With more than 200 Saudi and Russian business leaders and officials in attendance, the forum opened with a speech by Russian Energy Minister Alexander Novak, who called the event “historic” in light of King Salman’s first visit to Russia.
Bilateral relations “are getting to a fundamentally new level,” Novak said, adding that a joint committee had been formed “to help remove trade barriers that hinder enhancing joint ventures and projects.”
One of the most important agreements signed was on scientific and technological cooperation.
Novak announced the establishment of joint scientific and research centers, saying Russia and Saudi Arabia “have great potential in this field of bilateral development.”
There are also good prospects for cooperation in the fields of shipbuilding, the aluminum industry, water purification, food security, and oil and gas, he added.
It was announced that Russia and Saudi Arabia will establish a joint investment fund. “The $1 billion Russian-Saudi energy investment fund, which focuses on lucrative investment opportunities in Russian oil and gas production, is a good example of how we’re cooperating together and boosting our joint corporate alliances,” said Kirill Dmitriev, CEO of the Russian Direct Investment Fund, the sovereign wealth fund of the Russian Federation.
Majed Al-Qasabi, Saudi minister of commerce and investment, informed the audience that seven agreements were signed and four Russian firms will be given licenses to operate in the Kingdom.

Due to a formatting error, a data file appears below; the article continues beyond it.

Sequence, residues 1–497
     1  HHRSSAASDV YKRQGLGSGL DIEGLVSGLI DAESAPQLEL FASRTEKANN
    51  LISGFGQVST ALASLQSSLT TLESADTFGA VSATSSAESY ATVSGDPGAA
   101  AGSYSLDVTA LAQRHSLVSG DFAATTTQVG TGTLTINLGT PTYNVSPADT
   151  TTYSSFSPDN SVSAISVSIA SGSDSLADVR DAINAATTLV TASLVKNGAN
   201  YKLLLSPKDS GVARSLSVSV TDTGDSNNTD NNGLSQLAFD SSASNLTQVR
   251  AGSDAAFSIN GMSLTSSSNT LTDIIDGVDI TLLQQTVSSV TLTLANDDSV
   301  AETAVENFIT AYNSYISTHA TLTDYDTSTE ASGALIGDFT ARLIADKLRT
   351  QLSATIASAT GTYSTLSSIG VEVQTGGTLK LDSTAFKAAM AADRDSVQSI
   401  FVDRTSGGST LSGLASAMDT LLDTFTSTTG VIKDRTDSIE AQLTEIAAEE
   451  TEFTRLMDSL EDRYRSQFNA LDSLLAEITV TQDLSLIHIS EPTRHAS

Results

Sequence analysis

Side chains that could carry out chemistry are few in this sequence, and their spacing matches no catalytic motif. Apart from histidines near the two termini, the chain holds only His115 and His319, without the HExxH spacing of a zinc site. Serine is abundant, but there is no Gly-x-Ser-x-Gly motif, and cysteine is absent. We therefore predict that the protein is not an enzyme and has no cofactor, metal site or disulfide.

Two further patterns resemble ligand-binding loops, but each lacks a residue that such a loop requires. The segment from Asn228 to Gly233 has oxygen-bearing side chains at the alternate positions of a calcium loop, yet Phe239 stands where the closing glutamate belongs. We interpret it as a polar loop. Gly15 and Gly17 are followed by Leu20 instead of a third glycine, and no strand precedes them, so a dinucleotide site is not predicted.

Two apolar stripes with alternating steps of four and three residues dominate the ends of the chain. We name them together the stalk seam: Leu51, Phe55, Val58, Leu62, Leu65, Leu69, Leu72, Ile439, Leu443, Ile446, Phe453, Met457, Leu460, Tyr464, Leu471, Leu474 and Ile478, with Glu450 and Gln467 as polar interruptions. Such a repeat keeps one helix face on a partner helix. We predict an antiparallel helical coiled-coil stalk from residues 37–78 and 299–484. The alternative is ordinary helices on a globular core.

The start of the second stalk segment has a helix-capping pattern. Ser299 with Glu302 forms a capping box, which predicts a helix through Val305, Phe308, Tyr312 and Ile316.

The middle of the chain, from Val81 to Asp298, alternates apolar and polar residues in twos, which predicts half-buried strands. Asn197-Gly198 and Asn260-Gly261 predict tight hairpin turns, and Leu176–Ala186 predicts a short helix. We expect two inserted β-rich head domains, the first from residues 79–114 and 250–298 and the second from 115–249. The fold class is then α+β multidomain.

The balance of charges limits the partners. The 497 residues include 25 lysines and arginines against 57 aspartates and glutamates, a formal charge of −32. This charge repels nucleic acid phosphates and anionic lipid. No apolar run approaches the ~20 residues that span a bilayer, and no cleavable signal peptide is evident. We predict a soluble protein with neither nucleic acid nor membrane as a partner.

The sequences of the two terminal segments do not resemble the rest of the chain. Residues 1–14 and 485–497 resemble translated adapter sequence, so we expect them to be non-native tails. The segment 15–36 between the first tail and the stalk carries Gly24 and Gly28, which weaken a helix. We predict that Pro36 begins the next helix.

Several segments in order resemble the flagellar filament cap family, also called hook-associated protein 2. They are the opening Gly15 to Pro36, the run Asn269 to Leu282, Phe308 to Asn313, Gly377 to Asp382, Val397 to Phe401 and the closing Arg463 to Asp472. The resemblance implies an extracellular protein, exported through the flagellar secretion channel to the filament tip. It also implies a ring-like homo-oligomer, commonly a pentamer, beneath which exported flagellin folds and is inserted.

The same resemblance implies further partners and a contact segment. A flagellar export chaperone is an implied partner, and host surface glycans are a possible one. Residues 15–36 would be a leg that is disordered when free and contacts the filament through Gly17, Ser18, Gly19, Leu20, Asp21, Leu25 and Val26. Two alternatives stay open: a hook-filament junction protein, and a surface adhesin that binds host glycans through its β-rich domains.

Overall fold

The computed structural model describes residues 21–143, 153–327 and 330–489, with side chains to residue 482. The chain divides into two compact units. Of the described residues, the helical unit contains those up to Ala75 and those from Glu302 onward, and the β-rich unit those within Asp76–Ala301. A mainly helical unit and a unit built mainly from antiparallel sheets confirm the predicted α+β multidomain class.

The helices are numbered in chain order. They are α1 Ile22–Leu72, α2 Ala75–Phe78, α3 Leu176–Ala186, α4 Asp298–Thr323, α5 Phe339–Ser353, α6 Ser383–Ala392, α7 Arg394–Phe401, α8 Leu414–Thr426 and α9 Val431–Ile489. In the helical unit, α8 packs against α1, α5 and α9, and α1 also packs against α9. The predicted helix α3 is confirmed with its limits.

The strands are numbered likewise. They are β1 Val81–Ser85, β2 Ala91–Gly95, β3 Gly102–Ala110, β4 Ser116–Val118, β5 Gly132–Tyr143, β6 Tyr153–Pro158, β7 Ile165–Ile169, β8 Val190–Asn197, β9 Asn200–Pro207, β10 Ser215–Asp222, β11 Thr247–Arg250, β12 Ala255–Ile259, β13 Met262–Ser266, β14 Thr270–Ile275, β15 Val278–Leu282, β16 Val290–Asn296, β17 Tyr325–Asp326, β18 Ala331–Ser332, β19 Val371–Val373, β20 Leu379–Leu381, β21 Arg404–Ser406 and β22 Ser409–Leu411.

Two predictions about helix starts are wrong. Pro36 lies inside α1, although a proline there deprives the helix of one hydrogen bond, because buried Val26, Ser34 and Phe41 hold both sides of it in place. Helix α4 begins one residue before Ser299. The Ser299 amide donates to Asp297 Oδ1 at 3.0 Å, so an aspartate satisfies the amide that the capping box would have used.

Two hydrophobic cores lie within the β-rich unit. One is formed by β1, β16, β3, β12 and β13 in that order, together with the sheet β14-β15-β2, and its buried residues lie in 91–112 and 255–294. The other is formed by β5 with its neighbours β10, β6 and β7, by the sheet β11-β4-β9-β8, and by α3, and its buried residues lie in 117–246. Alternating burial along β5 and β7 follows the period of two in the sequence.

“We’ve set up a plan to meet Vision 2030, including renewing energy and upgrading military industries,” he said.
Ibrahim Al-Omar, governor of the Saudi Arabian General Investment Authority (SAGIA), said: “We’re working on improving the level of FDI (foreign direct investment) to the Kingdom by attracting more investments. We’re working to give the private sector a bigger share in the market.”
Saudi Energy Minister Khalid Al-Falih said bilateral cooperation in the last two years has benefited the oil market by stabilizing prices.
“It has breathed back life into OPEC (the Organization of the Petroleum Exporting Countries), which found itself… unable to swing its production as supply was persistently high in 2014 and global inventories were steadily rising ahead of demand,” he added.
“The deal reached between OPEC and non-OPEC countries in November 2016 in Vienna notably helped to stabilize oil prices.”
During the forum, three Russian and three Saudi companies signed cooperation agreements on petrochemicals, trade and phosphates.
The plenary session was followed by panel discussions on bilateral investments, industry and localization, agriculture and food security.
Participants exchanged views on prospects for cooperation in these fields, and shared their experiences and future plans.